High quality child care is the cornerstone of a healthy community. With access to quality care, parents can go to work knowing that their children are safe and supervised. Children in quality care can build the skills and habits they need to live healthy, vibrant lives. For many families, the alarmingly high cost of child care puts high quality options, and their health benefits, far out of reach.
The immediate benefits of healthy child care are obvious. Children eat nutritious food, breathe air that is free of pollution, play on safe, clean equipment and forge the nurturing relationships and problem-solving skills they need to build healthy minds and bodies. Many high-quality programs offer regular developmental assessments to make sure that kids are growing properly and parents know where to get help if a problem emerges. The healthy habits that children learn in child care—washing hands, eating good foods, getting their hearts pumping and learning how to be caring and well-behaved kids—are habits that last a lifetime.
What we don’t often talk about though is how much those healthy, quality child care environments impact long-term health and education. Children who attended high quality child care programs go farther in school, have higher incomes, and are less likely to use drugs or be involved in the criminal justice system. . Children who eat healthy food and are in the habit of getting up to 60 minutes of active play each day are less likely to be on a path that leads to diabetes, heart disease, cancer or stroke. Children who have had positive, consistent, nurturing caregivers are less likely to have behavioral problems and more likely to thrive in school. Early education settings influence what we call “social determinants of health”—the opportunities, resources, and living conditions that affect whether people are as healthy as they can be.
The high-quality care that children need to grow up healthy does not come cheap. Safety is a top priority for parents and providers, but ensuring a safe environment is costly. Low staff-to-child ratios, safe equipment, and adequate space are huge drivers of the cost of child care, but they are absolutely necessary for keeping kids safe and healthy—not just because they supervise kids from injury and illness, but because it means they are also more able to have positive, meaningful interactions with children. These interactions are linked to better educational outcomes. . Staff need training and materials to develop high quality learning activities and provide children the social and emotional support they need to reach their potential. Hiring, training, and retaining good staff is a significant and essential expense for child care providers.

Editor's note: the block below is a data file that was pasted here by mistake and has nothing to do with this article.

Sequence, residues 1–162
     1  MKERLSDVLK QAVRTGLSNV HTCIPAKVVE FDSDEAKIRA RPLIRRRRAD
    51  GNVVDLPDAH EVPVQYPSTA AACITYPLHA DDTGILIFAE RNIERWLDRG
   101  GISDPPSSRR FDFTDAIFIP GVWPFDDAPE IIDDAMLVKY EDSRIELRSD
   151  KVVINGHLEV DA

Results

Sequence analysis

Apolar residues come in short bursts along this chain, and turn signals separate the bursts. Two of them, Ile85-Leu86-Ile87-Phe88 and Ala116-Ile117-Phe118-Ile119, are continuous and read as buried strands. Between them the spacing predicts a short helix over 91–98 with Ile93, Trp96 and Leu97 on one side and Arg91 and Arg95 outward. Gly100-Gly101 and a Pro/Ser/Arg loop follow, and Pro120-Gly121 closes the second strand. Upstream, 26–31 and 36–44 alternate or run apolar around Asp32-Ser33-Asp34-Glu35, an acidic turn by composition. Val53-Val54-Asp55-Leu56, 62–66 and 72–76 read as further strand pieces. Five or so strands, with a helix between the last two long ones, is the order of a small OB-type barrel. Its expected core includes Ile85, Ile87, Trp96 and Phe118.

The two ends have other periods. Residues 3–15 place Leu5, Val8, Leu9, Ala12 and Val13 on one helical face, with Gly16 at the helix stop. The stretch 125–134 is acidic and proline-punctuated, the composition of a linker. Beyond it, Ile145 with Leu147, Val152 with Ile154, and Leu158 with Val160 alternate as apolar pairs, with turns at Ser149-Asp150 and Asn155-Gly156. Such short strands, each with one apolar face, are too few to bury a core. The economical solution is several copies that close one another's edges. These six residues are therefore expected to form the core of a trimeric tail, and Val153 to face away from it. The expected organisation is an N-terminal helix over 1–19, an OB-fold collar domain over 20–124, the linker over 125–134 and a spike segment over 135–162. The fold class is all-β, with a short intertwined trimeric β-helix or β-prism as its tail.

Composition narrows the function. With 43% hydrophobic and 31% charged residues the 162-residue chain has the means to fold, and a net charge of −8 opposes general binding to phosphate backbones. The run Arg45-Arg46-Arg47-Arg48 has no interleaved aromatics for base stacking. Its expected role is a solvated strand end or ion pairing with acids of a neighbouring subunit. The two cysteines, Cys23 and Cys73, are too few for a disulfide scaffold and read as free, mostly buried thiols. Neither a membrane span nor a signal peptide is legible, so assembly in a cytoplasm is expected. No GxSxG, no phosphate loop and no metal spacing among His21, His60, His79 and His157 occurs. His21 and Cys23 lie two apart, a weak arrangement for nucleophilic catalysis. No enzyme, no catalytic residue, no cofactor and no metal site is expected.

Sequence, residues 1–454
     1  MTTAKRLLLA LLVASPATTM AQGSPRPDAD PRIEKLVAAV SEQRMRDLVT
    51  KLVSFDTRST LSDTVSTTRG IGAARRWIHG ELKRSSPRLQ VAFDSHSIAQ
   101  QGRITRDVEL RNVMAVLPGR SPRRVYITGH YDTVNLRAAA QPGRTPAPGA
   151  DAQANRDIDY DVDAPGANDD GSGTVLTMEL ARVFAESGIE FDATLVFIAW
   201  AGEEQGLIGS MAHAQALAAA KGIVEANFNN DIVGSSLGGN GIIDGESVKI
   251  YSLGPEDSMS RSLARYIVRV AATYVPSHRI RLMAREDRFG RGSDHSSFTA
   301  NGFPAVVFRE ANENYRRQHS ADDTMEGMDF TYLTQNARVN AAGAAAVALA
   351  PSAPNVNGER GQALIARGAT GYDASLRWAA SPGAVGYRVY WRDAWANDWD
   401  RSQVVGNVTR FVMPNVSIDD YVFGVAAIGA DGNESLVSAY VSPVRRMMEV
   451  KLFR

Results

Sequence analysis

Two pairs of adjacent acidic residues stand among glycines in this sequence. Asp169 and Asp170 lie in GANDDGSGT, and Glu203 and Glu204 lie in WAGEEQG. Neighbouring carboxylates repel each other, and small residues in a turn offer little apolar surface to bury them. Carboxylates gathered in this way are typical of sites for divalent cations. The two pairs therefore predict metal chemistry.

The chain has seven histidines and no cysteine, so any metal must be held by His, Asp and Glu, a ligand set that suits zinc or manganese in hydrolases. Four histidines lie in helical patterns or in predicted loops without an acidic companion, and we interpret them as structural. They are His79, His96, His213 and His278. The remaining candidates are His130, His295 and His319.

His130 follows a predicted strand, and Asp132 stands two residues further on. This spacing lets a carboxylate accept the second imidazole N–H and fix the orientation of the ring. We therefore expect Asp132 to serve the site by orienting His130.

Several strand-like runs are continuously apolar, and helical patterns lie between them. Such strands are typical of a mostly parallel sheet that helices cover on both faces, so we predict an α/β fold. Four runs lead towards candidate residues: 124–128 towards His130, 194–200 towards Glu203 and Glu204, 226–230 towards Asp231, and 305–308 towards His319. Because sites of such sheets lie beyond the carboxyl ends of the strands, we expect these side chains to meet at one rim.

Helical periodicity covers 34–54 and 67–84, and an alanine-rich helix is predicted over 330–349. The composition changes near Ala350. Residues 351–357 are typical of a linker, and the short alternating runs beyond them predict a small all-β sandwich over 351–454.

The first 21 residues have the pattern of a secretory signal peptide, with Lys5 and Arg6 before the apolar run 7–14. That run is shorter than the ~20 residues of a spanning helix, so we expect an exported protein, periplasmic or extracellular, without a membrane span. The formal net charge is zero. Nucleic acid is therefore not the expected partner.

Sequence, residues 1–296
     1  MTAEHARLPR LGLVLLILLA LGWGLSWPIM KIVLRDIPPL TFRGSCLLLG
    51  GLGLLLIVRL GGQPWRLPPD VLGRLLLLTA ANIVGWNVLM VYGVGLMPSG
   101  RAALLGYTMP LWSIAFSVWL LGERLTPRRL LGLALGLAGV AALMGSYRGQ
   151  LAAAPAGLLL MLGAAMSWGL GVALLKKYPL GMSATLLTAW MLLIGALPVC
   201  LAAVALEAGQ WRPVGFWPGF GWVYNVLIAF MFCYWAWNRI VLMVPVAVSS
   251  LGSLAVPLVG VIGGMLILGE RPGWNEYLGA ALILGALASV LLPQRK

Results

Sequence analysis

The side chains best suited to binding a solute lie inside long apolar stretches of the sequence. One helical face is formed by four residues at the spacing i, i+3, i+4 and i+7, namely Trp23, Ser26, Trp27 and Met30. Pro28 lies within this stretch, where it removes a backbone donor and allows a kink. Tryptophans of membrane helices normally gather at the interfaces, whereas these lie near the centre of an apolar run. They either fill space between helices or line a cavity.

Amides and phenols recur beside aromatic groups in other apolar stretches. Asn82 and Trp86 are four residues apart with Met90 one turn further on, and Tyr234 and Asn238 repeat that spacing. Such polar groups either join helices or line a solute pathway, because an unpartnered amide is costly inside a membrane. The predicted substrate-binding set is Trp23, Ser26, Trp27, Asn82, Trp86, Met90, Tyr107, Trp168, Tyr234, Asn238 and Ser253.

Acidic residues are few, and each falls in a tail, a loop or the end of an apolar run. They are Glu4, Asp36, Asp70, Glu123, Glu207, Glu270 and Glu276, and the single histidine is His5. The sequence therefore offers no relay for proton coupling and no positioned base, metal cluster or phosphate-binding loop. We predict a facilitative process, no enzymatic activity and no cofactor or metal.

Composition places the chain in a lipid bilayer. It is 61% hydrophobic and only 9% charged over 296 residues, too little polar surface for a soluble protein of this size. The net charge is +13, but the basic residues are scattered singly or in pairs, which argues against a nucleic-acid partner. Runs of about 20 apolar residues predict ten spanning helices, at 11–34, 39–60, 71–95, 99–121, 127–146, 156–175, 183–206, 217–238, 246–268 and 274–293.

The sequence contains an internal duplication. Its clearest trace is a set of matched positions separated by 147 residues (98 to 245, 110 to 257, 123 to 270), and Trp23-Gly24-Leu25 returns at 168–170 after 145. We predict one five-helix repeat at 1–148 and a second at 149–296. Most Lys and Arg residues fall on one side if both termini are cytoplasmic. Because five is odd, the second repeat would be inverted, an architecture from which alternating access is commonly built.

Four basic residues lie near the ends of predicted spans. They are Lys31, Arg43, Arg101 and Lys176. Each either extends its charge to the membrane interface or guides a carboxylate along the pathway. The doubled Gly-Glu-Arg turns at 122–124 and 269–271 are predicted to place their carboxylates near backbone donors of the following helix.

Across the United States, the cost of child care is staggering. The US Department of Health and Human Services recommends that families should not pay more than seven percent of their household income to cover the cost of child care. Child Care Aware of America’s signature annual report Parents and the High Cost of Child Care: 2017 found that the average family in every state is paying far more than that. In every region of the country, average child care fees for an infant in a child care center are more than the average amount that families spend on food and transportation combined. Child care fees for two children in a child care center are higher than the annual median rent payments in every state.
We know that high quality care is essential to positive child development, particularly for children from low income families. We also know that it is far too expensive for most families. So what can we do? The Cost of Care report highlights several strategies that can raise the quality of care while also making it more affordable for more families.
- Estimating the cost of quality and building incentives for programs to meet higher standards
- Strengthening child care businesses by forming alliances for shared services
- Funding early childhood education through taxes and fees for services and commodities
- Pass legislation to support working families
Another important way to raise quality is to raise the standards that child care programs must meet in order to be licensed or to earn a high-quality rating in state QRIS. We need to be sure that as we do so, we talk about how health in many forms—social emotional health, environmental health, physical health, nutrition—must be included in definitions of quality and that we fund training and supports for teachers, directors, family child care providers and families on how to keep kids healthy. Voices for Healthy Kids funding is available for advocates who are working to create healthier child care environments. To learn more, visit https://voicesforhealthykids.org/early-care/.